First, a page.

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lack of substitutability of gTLD's

  • To: revised-biz-info-org-agreements@xxxxxxxxx
  • Subject: lack of substitutability of gTLD's
  • From: "Edward Hasbrouck" <edward@xxxxxxxxxxxxx>
  • Date: Tue, 07 Nov 2006 13:37:56 -0800

ICANN  has asked for input on "whether the domain registration market is 
one market or whether each TLD functions as a separate market, [and]  
whether registrations in different TLDs are substitutable."

All of the unrestricted gTLD registries except .info are operated by 
corporations chartered in the USA.  As "U.S. persons", they are subject to 
the laws of the USA.. The .info registry is operated by Affilias Ltd., 
which is incorporated in the Republic of Ireland. 

Many activities that are lawful in much of the rest of the world are 
unlawful in the USA.  For example, U.S. persons may not "make travel 
arrangements to, from, or within Cuba", or "do business with Aero 
Continente, Aerocaribbean Airlines, Cubana Airlines or Vinales Tours ... 
or any of the other 2,400 individuals and organizations on a U.S. 
Government Specially Designated list,"  including making or cancelling 
reservations, requesting refunds, or otherwise "facilitating" travel to 
Cuba or on these airlines, without a license from the Office of Foreign 
assets Control (OFAC) of the USA Department of the Treasury:

http://www.ustreas.gov/offices/enforcement/ofac/regulations/t11trav.pdf

http://hasbrouck.org/blog/archives/000242.html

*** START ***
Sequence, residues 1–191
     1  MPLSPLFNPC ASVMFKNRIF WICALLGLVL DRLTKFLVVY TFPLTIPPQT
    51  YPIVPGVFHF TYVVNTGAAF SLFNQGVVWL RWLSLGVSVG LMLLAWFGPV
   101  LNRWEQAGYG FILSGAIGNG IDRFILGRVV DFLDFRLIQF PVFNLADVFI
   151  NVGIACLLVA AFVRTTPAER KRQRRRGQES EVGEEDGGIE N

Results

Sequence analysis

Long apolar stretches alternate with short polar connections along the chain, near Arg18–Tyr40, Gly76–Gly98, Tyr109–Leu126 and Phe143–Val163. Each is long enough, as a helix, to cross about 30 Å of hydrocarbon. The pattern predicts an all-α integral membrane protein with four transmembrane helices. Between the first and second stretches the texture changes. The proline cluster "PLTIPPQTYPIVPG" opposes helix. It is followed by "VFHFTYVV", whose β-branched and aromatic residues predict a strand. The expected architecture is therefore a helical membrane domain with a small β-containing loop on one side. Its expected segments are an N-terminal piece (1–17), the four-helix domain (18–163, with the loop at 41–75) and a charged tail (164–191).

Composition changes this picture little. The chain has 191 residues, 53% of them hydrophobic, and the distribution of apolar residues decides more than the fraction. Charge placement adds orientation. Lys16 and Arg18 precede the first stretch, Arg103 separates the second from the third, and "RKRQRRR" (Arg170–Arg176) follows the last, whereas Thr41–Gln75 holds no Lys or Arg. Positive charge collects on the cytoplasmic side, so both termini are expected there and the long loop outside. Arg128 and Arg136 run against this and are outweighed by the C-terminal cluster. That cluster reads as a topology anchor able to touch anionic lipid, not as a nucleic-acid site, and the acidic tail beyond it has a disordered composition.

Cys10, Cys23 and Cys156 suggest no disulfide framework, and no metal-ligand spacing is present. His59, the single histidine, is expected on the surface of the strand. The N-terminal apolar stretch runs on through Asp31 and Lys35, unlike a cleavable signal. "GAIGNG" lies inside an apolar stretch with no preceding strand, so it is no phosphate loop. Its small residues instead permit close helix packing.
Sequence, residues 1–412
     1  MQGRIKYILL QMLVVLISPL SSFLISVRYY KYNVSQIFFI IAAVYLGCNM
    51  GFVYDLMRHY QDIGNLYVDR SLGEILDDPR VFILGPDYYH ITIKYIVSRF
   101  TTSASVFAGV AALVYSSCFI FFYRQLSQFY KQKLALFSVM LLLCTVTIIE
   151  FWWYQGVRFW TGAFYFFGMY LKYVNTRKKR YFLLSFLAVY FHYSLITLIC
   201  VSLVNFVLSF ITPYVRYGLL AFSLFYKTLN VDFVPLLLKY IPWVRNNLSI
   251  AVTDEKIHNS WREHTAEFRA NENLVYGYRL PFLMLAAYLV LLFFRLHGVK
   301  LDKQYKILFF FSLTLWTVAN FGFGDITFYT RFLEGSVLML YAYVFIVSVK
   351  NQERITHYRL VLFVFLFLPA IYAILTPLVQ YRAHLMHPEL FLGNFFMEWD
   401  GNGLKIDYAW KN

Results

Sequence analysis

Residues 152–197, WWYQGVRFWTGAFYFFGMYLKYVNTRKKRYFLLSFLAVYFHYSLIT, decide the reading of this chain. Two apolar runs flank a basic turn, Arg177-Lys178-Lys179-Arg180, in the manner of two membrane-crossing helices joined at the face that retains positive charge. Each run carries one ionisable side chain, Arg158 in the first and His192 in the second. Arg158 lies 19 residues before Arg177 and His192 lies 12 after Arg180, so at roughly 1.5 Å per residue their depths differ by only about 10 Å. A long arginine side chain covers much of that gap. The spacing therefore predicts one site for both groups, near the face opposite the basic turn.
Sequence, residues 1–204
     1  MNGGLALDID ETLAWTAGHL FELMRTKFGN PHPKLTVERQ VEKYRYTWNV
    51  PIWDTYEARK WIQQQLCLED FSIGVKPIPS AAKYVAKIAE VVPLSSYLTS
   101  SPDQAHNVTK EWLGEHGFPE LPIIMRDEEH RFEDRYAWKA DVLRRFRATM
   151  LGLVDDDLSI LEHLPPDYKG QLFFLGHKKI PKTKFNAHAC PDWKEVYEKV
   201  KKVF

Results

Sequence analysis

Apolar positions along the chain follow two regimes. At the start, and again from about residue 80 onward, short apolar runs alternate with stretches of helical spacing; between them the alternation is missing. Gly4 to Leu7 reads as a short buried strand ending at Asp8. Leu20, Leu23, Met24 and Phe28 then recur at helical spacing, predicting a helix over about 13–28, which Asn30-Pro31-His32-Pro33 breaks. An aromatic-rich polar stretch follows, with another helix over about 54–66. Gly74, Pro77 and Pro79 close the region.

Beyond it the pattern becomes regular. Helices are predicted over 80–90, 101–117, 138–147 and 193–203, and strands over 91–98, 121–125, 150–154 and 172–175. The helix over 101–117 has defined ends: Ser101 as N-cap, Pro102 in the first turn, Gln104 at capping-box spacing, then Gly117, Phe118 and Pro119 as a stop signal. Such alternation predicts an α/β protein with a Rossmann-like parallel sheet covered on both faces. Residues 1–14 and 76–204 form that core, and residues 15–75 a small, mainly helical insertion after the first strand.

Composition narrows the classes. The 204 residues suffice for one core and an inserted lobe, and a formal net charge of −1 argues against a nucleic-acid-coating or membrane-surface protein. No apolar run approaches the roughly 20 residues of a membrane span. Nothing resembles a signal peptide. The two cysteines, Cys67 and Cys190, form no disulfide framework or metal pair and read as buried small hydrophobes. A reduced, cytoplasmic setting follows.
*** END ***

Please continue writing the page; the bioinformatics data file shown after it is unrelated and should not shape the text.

http://hasbrouck.org/documents/OFAC-N6.pdf

I can find no record of OFAC having issued any such license to ICANN or 
any gTLD registry operator.  It appears from OFAC's stated policies that 
no such license would be issued, even if it were applied for.

Operating an advertising or e-commerce Web site that promotes, sells, or 
otherwise "facilitates" travel to Cuba would violate OFAC's rules. 

Cuba is a significant destination for tourists from many other countries.  
For example, every major travel agency in Canada sells tours and tickets 
to Cuba, and could not compete effectively without doing so.

A travel agency in Canada -- or anywhere else in the world -- which sells 
tickets or tours to Cuba thus has only one lawful choice of unrestricted 
gTLD: .info.  Many travel agencies in Canada and elsewhere use .com or 
other gTLD domain names, but they do so in potential violation (probably 
unwittingly) of OFAC's regulations, and at risk that the registry operator 
as a "U.S. person" could be ordered by OFAC or by other legal authorities 
in the USA to remove their domain name from the DNS.

Such a travel agency could, of course, use a ccTLD such as a .ca domain 
name.  But domain names are branding, imaging, and marketing tools, and a 
ccTLD communicates a message that is not the same as that of a gTLD.

This is only one example of the types of activities that are illegal in 
the USA, but legal in some or many other countries.  For *all* such 
activities, .info is not substitutable by any other current gTLD, and the 
.info registration market functions as a separate and distinct market.

Sincerely,

Edward Hasbrouck


----------------
Edward Hasbrouck
<edward@xxxxxxxxxxxxx>
<http://hasbrouck.org>
+1-415-824-0214

"The Practical Nomad: How to Travel Around the World"
(3rd edition, 2004, 4th edition forthcoming 2007)
"The Practical Nomad Guide to the Online Travel Marketplace"
<http://www.practicalnomad.com>





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